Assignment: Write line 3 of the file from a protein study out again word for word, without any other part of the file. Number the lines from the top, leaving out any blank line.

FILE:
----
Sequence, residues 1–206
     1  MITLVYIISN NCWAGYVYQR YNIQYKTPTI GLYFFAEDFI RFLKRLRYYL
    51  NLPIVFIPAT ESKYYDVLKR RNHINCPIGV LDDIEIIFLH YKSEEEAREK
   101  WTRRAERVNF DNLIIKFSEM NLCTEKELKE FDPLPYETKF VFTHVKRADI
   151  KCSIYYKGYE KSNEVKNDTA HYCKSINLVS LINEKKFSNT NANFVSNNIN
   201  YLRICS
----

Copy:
    51  NLPIVFIPAT ESKYYDVLKR RNHINCPIGV LDDIEIIFLH YKSEEEAREK